There may come a time when there won’t be enough land for vegetation to grow upon. When we will have more buildings than trees and open tracts of green will be a fading memory. Look around you. It is already happening. The land feuds. The scramble to build concrete jungles where an overture to a connection with nature comes in the form of a few flowering pots in a balcony.
In big cities like Mumbai, a tree outside your window is a luxury few can afford and even the Ambanis had to build a skyscraper to get an uninterrupted view of the ocean. The distressing fact is that nature is fighting a losing battle to keep a semblance of balance as we mow down forests and green belts for progress but around the world conscientious architects are trying to find ways to incorporate green elements in buildings so that we do not completely lose touch with our roots.
Last week, this column mentioned how a hospitality space used the idea of green walls within the property. The idea of vertical green walls turns the idea of gardens on its head as a wall is used as a backdrop for vegetation.
Soil and an integrated water delivery system are used to keep the idea flourishing and make a green statement unlike any other.
These walls can be created within a building or outside as a facade, can be of varied sizes, can even be free standing. Patrick Blanc, a French botanist, is widely recognised as the ‘modern innovator of the green wall’ but the earliest record of a vertical garden can be traced to Professor Stanley Hart White at the University of Illinois Urbana-Champaign in 1938. He is said to have patented the idea that first threw up a ‘Vegetation-Bearing Architectonic Structure and System’ but it will not be far fetched to say that Blanc gave a modern twist to the idea and made it accessible. At first glance, the whole concept seems a bit too impractical but a closer study shows how such an idea can be used in homes and office spaces.
Google to find out more about just how a load-bearing wall accommodates a metal frame that in turn supports a PVC plate (0.39 in) and how two layers of polyamide sheaths support the roots of plants and a network of pipes controlled by valves provides dissolved minerals to nurture the plants. But the idea that the roots of the plants soak up enough nutrients to grow on a man-made structure, or that a closed circuit system provides both enough water and nutrition to the plants is nothing short of miraculous.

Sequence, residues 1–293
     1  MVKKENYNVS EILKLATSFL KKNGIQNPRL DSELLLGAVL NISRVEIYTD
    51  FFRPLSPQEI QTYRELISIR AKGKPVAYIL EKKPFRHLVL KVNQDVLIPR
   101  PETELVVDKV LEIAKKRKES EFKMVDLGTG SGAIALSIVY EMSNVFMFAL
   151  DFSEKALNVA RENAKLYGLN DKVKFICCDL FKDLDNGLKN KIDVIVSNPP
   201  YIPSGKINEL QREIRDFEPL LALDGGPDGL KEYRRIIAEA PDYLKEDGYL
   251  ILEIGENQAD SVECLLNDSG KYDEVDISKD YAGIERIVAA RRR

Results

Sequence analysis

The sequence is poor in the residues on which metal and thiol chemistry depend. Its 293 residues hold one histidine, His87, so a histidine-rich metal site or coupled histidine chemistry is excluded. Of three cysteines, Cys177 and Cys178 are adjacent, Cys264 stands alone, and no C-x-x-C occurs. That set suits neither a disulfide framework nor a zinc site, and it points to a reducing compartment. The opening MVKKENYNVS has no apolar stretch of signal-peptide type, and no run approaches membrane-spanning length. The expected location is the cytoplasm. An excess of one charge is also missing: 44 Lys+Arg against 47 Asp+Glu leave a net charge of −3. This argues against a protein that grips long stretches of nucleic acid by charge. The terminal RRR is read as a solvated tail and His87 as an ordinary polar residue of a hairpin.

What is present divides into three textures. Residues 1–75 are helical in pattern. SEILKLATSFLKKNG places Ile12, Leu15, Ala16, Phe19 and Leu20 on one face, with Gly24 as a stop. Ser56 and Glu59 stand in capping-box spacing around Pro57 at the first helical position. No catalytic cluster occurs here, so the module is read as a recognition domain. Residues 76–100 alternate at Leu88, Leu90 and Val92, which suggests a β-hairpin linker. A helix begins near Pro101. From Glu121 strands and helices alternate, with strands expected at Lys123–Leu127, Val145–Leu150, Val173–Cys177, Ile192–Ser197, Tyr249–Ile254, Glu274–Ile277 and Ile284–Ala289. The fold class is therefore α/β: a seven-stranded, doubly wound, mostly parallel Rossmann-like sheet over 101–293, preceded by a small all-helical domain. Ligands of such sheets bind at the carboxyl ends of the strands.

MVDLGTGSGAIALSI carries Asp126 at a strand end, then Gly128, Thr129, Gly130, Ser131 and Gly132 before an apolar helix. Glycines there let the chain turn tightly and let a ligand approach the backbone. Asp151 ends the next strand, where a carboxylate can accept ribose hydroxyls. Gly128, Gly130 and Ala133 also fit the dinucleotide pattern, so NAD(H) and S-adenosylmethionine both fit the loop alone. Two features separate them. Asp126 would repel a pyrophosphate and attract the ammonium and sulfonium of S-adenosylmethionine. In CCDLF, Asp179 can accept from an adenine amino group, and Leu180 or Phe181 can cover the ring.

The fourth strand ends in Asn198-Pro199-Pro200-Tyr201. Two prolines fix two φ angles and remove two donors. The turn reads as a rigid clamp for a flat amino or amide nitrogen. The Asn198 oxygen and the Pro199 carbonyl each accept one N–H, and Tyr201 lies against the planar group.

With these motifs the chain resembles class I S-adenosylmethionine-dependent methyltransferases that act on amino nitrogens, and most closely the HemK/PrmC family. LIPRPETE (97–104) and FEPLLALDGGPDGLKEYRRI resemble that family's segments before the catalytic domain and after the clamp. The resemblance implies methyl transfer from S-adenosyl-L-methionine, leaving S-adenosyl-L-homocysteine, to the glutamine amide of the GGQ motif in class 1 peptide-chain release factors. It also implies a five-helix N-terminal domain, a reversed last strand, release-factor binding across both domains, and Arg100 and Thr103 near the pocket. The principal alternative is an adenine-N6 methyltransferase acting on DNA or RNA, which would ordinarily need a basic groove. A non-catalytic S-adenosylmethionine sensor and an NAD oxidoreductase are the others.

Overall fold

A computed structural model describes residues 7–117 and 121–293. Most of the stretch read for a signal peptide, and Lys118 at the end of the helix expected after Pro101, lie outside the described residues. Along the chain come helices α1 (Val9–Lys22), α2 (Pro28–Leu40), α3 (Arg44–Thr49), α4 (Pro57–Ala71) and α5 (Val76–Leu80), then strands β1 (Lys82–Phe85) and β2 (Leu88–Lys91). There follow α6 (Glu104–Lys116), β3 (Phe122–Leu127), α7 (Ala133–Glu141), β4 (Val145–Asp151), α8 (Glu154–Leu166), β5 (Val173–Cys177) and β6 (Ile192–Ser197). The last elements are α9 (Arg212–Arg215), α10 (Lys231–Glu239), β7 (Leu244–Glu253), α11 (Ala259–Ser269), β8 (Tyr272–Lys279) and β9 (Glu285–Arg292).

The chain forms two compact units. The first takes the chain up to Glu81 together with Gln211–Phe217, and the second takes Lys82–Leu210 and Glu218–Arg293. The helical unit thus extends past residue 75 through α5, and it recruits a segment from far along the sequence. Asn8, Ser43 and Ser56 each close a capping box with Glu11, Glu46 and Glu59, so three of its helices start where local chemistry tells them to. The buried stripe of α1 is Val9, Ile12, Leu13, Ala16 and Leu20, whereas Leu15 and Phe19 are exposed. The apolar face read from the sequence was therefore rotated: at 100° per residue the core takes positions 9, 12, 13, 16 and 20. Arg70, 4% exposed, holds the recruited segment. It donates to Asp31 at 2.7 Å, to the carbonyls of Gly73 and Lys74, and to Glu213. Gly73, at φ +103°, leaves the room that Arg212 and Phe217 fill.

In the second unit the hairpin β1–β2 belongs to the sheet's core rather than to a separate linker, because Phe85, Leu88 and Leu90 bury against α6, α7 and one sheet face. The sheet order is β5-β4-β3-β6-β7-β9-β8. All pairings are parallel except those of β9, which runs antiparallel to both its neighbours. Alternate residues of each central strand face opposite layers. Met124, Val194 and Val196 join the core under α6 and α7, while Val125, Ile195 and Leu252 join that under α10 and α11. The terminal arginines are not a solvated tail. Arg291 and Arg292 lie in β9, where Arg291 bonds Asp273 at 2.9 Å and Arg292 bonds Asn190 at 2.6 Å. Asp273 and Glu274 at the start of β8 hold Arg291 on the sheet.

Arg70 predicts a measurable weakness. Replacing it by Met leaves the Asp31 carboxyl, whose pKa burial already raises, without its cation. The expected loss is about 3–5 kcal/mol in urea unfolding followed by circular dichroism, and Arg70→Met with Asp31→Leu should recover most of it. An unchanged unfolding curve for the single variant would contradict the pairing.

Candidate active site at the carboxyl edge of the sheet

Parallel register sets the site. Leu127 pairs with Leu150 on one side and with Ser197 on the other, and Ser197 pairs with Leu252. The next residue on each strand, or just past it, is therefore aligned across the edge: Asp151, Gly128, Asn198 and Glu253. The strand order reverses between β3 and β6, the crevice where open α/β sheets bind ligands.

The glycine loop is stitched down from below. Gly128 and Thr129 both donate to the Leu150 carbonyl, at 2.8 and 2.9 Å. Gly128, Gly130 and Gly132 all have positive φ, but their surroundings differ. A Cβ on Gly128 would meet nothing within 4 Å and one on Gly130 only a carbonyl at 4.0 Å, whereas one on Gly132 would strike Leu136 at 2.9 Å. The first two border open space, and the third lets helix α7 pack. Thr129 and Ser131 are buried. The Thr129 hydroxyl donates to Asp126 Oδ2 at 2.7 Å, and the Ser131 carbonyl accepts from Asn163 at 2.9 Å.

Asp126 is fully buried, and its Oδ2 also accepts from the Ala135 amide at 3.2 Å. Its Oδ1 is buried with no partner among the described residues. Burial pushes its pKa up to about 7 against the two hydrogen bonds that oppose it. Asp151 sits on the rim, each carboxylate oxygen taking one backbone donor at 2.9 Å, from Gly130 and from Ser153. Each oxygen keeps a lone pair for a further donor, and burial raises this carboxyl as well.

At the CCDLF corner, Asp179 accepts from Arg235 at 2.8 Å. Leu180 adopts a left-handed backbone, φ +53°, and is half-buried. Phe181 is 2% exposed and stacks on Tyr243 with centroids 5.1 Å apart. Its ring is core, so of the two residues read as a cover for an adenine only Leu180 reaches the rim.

The first man to get the hang of this idea, Stanley Hart White called this invention, “Botanical Bricks” and developed many versions of it in his backyard in Urbana, Illinois. White’s brother once wrote about this discovery to a relative, “Stan, by the way, has taken out a patent on an invention of his called ‘Botanical Bricks,’ which are simply plant units capable of being built up to any height, for quick landscape effects, the vertical surfaces covered with flowering vines, or the like. He thinks that the idea has great possibilities for such things as world fairs, city yards, indoor gardens, and many other projects. I think perhaps he has got hold of something, and have written him for more information. He certainly deserves a break.”
Blanc used the idea with many new inventive techniques. French architect Jean Nouvel’s One Central Park residential tower in Sydney will celebrate the world’s tallest vertical garden helmed by Blanc who has been fine-tuning and reinventing the concept for the last 30 years. Blanc has been working with Nouvel to put plants and vines up the 166-metre façade, which will be the tallest living wall in the world.
As the sprawl of green on the earth becomes scarce, maybe the way for us is towards the sky and to create floating gardens that defy gravity and remind us that while the worst among us violate the trust that the earth has in us, the best try to restore it any way we can.
(Reema Moudgil is the author of Perfect Eight, editor of unboxedwriters.com and an RJ)